Rating: 2.5/5.0

“You don’t realize what human interaction is,” Anaïs’ future ex-boyfriend Raoul (Christophe Montenez) tells her in Charline Bourgeois-Tacquet’s debut album Anaïs in Love.

It’s a line that starts a crack in the film’s narrative that has, until now, been closely tied to Anaïs (Anaïs Demoustier) and her island world ruled by a specter of residual naivety that pursues her to the end. adulthood. Anais is unaware of her immaturity, except for an indistinct figure of discomfort in her twenties. Raoul breaks up with her and Anaïs immediately starts sleeping with an older married man.

For the rest of the film, she flies through France in flimsy summer dresses, making one bad decision after another. This propensity to make bad decisions is not reprehensible in itself. For exposition purposes, a protagonist who is ardently inclined to sabotage his personal and professional relationships is perversely refreshing – a microdose of schadenfreude.

Yet Anaïs’ wacky nature is unfettered and endless. After sleeping with Daniel (Denis Podalydès), she renounces the symposium she is coordinating (although she cannot install a smoke alarm, she seems to have a flourishing university career). Anaïs illegally sublets an apartment she cannot afford to pay to a Korean couple before fleeing to the French countryside, driven by an unprecedented and burning infatuation for Daniel’s wife, and best-selling writer , Emilia (Valeria Bruni Tedeschi). This is where the “in love” bit lies.

Anaïs’ attraction to Emilie is bifurcated, manifesting itself at the same time at the primary, sexual and scholarly level. Emilie’s status as both a lover and a foil to the limit, and makes her reciprocal interest in Anaïs seem exaggerated. Bourgeois-Tacquet fans the flames of their strange romance for most of the runtime. It takes several close encounters – including one in a secret bedroom in a guesthouse carpeted with images of lesbian pornography – before something is triggered. When it does, it’s less sparking and more spitting – a lethargic, sandy sex scene that’s both literally and figuratively anticlimactic.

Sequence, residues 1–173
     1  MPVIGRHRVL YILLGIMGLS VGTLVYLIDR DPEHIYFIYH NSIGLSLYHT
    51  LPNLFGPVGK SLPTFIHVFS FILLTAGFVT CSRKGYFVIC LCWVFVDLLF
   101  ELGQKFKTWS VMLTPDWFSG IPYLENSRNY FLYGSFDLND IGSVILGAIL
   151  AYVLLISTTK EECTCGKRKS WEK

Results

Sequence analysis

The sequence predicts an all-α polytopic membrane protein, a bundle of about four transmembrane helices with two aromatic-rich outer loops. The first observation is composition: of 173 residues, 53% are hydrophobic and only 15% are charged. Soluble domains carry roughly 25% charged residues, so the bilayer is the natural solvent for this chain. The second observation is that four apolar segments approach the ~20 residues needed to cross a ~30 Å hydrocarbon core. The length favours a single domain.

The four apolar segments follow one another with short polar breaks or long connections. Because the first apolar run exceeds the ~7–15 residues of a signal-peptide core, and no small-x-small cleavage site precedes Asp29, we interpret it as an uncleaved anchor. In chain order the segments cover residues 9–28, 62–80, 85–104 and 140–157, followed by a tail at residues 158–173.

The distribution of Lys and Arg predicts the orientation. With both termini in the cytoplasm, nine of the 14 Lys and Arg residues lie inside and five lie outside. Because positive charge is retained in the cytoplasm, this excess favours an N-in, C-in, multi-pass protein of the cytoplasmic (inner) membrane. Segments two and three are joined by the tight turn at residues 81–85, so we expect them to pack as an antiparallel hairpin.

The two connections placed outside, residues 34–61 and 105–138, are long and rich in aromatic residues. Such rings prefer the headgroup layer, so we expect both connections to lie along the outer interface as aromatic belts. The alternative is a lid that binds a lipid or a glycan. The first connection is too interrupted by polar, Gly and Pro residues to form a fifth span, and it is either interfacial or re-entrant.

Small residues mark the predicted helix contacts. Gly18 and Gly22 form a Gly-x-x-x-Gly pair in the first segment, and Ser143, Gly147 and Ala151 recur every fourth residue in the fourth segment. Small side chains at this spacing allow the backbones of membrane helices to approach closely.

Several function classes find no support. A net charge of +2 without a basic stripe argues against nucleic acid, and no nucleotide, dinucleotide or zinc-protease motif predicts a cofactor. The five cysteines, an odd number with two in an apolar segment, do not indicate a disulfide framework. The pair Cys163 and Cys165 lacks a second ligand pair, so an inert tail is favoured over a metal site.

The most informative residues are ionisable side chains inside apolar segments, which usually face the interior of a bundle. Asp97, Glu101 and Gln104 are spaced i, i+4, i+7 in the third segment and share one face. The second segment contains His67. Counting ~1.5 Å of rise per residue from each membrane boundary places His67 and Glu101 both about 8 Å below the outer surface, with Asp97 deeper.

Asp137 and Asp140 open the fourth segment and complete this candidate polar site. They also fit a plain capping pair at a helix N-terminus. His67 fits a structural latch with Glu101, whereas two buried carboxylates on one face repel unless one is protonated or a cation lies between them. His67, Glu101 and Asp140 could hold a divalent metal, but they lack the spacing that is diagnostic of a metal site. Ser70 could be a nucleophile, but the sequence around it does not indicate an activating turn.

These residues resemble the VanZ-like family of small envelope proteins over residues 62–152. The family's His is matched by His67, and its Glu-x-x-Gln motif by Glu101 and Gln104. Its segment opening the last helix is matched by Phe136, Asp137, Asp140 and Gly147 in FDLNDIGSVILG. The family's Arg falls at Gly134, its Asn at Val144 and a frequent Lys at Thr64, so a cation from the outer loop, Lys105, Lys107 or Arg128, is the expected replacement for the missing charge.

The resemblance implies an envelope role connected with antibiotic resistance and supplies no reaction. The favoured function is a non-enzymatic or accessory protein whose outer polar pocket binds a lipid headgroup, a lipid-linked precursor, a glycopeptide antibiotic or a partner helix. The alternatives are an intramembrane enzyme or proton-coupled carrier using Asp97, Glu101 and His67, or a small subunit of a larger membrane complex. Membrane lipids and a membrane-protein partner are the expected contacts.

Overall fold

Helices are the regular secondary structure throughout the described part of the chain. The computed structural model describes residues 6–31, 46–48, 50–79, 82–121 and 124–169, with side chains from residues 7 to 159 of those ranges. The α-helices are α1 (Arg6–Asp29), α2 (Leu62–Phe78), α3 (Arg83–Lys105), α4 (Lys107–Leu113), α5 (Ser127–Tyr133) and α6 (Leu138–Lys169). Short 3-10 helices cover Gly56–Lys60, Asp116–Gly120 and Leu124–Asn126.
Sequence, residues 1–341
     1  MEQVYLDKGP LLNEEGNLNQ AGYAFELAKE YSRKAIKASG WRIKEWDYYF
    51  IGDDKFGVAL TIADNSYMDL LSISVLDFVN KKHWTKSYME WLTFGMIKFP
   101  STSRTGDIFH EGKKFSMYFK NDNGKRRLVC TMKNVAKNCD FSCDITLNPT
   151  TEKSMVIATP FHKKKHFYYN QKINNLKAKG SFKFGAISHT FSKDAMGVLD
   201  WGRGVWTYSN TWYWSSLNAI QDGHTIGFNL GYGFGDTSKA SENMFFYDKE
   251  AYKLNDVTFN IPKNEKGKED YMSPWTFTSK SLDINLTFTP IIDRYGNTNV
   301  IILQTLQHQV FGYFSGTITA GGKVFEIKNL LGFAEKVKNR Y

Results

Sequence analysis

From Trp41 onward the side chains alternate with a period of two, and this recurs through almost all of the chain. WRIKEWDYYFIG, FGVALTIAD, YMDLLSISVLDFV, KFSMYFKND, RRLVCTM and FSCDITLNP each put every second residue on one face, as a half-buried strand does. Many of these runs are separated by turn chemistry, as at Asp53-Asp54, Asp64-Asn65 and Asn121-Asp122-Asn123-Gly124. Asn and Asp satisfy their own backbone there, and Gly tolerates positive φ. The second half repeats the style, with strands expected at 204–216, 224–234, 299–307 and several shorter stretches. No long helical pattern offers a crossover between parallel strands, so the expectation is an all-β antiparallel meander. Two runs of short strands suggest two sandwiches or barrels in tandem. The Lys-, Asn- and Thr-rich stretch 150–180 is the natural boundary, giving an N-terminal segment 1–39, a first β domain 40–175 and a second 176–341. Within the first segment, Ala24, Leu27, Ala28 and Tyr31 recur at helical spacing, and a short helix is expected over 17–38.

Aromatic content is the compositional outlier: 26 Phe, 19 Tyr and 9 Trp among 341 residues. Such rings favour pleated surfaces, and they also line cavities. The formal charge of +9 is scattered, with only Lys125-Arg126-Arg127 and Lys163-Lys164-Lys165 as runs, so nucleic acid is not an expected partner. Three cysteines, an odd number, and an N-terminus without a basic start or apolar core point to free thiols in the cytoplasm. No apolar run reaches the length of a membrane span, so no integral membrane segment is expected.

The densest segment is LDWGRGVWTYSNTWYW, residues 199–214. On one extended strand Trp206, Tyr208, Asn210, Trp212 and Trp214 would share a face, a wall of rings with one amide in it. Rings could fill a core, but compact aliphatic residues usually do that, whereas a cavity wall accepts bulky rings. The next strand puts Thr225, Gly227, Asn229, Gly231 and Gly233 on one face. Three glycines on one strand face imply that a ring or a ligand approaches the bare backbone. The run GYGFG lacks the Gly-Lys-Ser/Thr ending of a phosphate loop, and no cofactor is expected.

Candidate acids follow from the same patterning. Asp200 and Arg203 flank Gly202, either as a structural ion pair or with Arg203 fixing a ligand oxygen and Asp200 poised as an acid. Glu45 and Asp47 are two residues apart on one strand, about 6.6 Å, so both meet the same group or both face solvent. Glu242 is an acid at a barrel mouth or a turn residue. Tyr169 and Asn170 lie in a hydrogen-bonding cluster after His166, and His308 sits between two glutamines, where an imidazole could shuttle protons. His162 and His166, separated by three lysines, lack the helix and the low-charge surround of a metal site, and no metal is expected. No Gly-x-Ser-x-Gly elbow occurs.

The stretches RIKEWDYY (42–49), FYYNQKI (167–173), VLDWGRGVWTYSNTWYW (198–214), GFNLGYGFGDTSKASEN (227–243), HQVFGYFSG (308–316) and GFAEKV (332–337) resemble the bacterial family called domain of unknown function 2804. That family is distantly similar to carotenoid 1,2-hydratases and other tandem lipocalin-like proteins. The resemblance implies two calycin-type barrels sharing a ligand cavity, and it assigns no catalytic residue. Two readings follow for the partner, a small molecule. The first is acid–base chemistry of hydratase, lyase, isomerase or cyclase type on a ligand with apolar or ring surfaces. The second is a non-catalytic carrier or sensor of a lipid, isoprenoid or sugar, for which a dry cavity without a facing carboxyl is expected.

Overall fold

The past few years have seen a revival of stories that rip the coming-of-age paradigm out of its high school setting and stitch it back together again on a coming-of-age narrative. Sally Rooney’s “Normal People” and Joachim Trier’s “The Worst Person in the World” both evoke with incisive irony the dangers of growing up in an age of insurmountable atomization.

Both of these works suggest that the way to ameliorate highly modern pressure points is through a relinquishment of careerism and a renewed investment in relationships. They testify to a keen understanding of how young people internalize and sublimate the crises of modernity. “Anaïs in Love” is more opaque in its rationalization of its heroine’s aerial stasis. Instead, the audience is left adrift with nothing resembling context.

The film intermittently saves itself from one-sided banality by portraying desire with an urgency that subverts expectations. This urgency runs counter to the languid, relaxed pace of the film, which spends a lot of time going through vignettes that may not be important to the narrative, but adorn the life of its protagonist. Although they lack utility, they provide a welcome air of reality and a fragrant backdrop.

“Anaïs In Love” does not aspire to be more than it is. Even the movie poster – which depicts Anaïs and Emilie wading through a cotton candy sunset with red roll-up typeface – acknowledges this. It’s cute and embodies a certain millennial air of the times, the kind that endears audiences to 20-year-old yuppies despite their mind-numbing narcissism and lack of social skill. However, for many, this formula is simply not coherent, even when animated by a singular and readable vision.

However, the formula impresses those who, even subliminally, see themselves as a variable. Their choice to idolize their own experiences is therefore a natural progression of events. Yet these narratives have grown tired. The film positions its sole plot point as its lesbian romance, an insufficient measure given its lack of depth and incomplete storytelling.

Emma Murphree covers the film. Contact her at [email protected].